QUT ePrints

Innovation diffusion in state owned health: a study of IT adoption

England, Ian William (2005) Innovation diffusion in state owned health: a study of IT adoption. .

Abstract

The health industry has acquired a reputation as lagging in the use of information technology (IT). Therefore, this study has been undertaken to assess state health's use of IT and then to assess the causal factors of the differing usage rate, if any. The state health industry was compared to the banking industry as a benchmark, on the basis that the banking industry is widely perceived as a leading IT user.

A literature review summarised and critiqued current literature and informed the subsequent research. The research comprised two related studies. The first study was a qualitative study of the beliefs of senior state health executives. The second study was based upon a survey of state health and banking managers.

The research confirmed that in these two 'knowledge' industries, state health is slower to adopt IT with an apparent lower maturity level. This finding was observed across a range of best-practice management, procedural and cultural topics as well as the level of resources applied to IT.

Innovation-diffusion-theory helped understand why IT implementation has progressed at a slower rate in state health than other industry sectors. The complexity of state health organisations and their fragmented internal structure constrain their ability to adopt traditional, hierarchical, organisation-wide IT. This is further impacted upon by the relative immaturity of clinical health IT, which is complicated, incomplete and unable to show quantifiable benefits. In addition, elements of the findings suggest that health IT departments are poorly aligned to the needs of clinicians and managers. Both organisational and technological factors lead to the slow adoption of health IT, although measures suggest that the key factors relate to the unique organisational nature of state health.

The recommendations for health and IT policy arising from this research are:

  • The effectiveness of state health IT departments needs comparing to those in other sectors and improvement interventions implemented;

  • The strongest way for state health IT to proceed is to focus on management and social issues in preference to the ever-seductive technology. Research and development funds should be allocated, as a priority, to benefits-analysis methods, improved understanding of the true nature of health organisations (formal and informal) and a rich understanding of clinical behaviours and work.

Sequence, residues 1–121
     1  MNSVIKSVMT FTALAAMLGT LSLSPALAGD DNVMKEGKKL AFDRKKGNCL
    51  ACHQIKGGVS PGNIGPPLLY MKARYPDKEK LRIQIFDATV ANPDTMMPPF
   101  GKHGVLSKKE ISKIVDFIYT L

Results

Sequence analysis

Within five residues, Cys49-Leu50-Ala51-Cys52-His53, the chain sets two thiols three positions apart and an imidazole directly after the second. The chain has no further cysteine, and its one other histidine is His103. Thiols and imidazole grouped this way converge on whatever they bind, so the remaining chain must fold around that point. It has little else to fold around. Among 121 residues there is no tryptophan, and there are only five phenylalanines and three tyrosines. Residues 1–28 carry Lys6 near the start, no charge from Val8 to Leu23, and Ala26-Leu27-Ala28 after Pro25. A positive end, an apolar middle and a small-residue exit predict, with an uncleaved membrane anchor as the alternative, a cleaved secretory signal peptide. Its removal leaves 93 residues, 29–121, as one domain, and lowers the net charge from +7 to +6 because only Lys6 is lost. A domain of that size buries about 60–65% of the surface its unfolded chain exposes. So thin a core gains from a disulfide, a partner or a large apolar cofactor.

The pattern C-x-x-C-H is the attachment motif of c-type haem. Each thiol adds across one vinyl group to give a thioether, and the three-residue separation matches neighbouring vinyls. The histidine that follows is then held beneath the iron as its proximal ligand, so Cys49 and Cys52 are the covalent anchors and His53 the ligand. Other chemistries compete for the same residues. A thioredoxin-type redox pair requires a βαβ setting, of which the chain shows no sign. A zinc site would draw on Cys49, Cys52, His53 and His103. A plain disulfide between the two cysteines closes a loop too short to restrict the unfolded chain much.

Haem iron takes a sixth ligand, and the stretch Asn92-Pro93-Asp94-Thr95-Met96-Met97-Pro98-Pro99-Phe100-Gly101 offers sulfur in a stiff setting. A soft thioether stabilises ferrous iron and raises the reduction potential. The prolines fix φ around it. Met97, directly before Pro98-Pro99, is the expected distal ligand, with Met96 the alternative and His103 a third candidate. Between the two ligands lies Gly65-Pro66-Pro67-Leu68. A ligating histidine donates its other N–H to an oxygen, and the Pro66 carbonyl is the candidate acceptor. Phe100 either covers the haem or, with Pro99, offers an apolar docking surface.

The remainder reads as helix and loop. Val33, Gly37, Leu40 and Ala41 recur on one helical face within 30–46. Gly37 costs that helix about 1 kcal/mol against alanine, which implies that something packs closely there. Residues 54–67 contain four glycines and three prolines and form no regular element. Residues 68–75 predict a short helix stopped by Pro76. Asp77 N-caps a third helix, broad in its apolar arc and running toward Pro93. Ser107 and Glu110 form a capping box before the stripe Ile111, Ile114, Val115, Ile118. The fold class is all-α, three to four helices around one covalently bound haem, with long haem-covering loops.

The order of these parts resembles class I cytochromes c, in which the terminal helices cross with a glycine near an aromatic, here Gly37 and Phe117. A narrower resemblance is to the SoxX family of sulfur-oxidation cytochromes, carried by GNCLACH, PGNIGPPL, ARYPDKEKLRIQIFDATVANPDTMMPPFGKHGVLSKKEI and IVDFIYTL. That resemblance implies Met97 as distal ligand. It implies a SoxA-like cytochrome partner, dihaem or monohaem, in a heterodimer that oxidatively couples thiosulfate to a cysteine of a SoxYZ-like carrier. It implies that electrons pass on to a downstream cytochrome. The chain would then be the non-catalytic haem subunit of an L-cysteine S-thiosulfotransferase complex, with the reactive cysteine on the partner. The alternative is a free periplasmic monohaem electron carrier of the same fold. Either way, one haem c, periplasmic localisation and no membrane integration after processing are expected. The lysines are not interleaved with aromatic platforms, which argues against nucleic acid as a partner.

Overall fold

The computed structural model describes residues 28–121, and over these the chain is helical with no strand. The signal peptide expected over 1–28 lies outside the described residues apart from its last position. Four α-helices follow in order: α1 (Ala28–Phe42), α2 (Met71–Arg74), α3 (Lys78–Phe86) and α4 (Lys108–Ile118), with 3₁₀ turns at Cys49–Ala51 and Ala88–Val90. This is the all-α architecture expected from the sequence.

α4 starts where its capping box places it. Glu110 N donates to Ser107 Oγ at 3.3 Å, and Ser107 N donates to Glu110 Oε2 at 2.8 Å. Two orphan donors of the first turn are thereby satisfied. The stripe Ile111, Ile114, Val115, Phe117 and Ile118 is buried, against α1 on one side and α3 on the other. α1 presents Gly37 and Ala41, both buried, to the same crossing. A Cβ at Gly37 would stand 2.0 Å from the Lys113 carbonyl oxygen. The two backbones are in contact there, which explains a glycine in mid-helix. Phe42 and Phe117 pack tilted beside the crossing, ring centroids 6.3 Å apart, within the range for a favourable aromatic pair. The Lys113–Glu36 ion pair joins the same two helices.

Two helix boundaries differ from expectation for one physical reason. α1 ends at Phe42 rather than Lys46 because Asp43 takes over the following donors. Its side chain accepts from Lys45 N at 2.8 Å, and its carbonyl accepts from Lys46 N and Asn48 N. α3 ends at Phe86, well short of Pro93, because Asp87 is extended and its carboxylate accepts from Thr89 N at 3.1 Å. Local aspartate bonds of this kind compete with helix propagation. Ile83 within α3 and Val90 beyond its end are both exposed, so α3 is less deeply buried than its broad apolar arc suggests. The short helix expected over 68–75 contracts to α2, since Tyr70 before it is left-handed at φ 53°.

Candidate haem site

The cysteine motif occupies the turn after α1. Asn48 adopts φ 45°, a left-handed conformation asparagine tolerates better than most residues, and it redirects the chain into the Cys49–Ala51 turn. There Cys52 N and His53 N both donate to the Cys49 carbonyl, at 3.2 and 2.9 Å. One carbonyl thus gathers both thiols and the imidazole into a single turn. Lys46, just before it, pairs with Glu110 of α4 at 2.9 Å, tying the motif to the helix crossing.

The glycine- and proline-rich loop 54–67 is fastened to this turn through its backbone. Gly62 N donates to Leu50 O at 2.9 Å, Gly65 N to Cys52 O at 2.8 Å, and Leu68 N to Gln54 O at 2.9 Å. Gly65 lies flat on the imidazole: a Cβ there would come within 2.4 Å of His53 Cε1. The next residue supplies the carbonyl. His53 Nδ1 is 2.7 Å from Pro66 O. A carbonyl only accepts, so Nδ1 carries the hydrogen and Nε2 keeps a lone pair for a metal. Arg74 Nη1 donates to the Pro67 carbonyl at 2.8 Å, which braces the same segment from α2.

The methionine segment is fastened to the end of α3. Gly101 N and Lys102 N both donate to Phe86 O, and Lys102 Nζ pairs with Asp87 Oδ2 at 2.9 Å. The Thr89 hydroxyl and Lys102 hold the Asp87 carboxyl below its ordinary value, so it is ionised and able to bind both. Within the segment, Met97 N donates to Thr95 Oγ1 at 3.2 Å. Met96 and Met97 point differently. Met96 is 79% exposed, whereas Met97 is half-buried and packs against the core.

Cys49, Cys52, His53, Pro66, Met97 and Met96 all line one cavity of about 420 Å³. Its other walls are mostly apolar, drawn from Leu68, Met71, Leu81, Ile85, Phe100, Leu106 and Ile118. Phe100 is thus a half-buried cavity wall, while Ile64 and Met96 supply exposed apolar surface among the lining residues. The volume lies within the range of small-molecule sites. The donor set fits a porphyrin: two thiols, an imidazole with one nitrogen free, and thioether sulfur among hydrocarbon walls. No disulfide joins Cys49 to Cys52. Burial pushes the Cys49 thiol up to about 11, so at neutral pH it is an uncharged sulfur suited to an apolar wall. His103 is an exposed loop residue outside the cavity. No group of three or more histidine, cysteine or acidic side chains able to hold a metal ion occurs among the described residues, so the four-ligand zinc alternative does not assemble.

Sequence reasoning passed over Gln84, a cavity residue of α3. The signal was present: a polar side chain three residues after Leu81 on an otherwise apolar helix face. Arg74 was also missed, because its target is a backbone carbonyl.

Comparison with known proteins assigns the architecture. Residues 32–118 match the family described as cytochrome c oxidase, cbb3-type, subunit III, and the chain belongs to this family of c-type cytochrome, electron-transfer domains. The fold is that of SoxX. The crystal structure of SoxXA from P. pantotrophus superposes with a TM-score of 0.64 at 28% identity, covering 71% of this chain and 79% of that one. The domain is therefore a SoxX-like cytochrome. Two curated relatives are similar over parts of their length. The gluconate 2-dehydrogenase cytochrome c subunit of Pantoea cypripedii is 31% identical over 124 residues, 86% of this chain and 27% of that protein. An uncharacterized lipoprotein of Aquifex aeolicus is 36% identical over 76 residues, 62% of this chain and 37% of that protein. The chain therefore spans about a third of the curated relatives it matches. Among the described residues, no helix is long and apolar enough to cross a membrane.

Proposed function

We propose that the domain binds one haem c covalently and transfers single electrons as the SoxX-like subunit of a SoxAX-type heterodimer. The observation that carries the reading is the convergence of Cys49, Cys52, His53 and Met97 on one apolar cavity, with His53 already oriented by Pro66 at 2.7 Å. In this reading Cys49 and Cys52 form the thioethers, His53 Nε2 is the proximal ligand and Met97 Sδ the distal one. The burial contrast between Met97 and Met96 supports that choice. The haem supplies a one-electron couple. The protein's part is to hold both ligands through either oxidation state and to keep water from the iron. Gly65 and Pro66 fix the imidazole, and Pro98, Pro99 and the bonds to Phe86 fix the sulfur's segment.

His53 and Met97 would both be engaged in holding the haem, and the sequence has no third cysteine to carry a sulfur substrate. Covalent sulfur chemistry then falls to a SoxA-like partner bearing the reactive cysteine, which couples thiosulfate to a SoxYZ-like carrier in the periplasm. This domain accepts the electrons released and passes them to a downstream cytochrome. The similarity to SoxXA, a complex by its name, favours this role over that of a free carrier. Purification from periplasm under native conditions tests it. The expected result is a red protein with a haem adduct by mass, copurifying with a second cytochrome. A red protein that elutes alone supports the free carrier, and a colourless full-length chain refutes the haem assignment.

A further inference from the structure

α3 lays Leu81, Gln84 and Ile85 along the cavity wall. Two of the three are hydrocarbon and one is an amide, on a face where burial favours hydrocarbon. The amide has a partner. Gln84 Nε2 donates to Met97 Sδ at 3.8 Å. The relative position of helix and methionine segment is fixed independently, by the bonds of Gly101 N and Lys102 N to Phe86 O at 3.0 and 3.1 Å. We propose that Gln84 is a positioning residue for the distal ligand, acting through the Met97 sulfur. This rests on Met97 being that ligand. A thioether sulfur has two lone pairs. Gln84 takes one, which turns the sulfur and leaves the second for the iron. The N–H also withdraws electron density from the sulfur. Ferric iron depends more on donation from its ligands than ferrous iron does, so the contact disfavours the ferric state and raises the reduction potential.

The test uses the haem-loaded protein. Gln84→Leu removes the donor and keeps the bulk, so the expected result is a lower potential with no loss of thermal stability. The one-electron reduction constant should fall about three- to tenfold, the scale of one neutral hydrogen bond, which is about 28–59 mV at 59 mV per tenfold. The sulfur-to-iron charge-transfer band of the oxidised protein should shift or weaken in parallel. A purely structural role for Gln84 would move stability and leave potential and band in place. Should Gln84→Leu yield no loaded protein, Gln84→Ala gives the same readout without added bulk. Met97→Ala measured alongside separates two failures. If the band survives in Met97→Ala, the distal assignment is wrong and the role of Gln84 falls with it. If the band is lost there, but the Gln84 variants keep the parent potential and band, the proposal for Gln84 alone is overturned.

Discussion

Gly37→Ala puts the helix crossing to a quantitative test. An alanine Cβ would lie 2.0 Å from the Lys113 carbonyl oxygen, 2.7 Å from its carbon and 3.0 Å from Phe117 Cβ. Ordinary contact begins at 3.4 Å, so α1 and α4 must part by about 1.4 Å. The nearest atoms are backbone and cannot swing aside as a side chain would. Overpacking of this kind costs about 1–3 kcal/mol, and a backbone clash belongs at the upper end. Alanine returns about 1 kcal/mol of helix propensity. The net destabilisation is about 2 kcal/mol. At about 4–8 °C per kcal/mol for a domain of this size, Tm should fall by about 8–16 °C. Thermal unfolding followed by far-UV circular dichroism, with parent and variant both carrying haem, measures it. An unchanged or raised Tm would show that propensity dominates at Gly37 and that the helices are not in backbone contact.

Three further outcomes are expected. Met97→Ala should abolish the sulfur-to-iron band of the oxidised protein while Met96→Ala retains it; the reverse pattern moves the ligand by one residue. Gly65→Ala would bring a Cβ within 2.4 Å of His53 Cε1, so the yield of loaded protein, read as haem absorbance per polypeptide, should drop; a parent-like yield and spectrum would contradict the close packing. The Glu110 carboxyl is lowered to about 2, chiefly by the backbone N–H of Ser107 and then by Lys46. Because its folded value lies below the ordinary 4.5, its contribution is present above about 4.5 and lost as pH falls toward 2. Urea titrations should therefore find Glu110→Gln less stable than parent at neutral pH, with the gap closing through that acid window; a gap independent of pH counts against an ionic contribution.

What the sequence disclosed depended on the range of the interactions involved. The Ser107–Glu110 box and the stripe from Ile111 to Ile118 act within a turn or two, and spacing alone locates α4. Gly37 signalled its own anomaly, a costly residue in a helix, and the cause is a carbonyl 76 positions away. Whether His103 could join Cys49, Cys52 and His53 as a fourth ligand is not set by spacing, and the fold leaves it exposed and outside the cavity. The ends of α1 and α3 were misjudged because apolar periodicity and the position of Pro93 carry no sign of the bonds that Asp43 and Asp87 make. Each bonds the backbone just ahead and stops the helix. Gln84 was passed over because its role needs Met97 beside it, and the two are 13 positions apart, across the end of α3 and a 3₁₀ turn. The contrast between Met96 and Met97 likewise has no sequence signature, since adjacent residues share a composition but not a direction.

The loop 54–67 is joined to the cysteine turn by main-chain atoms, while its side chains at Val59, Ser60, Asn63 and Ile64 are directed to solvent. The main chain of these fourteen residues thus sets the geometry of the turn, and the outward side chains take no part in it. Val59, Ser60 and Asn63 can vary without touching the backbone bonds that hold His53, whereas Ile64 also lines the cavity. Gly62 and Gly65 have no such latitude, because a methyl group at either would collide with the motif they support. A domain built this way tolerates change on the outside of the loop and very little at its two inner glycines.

Deeper knowledge in all of these areas will permit the development of more relevant IT leading to greater value, more focussed implementation and new areas for business development in the IT industry.

Impact and interest:

Citation countsare sourced monthly from Scopus and Web of Science® citation databases.

These databases contain citations from different subsets of available publications and different time periods and thus the citation count from each is usually different. Some works are not in either database and no count is displayed. Scopus includes citations from articles published in 1996 onwards, and Web of Science® generally from 1980 onwards.

Citations counts from the Google Scholar™ indexing service can be viewed at the linked Google Scholar™ search.

Full-text downloads:

420 since deposited on 03 Dec 2008
64 in the past twelve months

Full-text downloadsdisplays the total number of times this work’s files (e.g., a PDF) have been downloaded from QUT ePrints as well as the number of downloads in the previous 365 days. The count includes downloads for all files if a work has more than one.

ID Code: 15982
Item Type: QUT Thesis (PhD)
Supervisor: Stewart, Donald& Newman, Beth
Keywords: Innovation Diffusion, Innovation Adoption, Innovation Diffusion Theory, IT, Health, Hospital, Management, IT, Information Technology, IT Maturity, Banking, Organisational Development
Divisions: Current > QUT Faculties and Divisions > Faculty of Health
Current > Schools > School of Public Health & Social Work
Department: Faculty of Health
Institution: Queensland University of Technology
Copyright Owner: Copyright Ian William England
Deposited On: 03 Dec 2008 13:54
Last Modified: 29 Oct 2011 05:41

Export: EndNote | Dublin Core | BibTeX

Repository Staff Only: item control page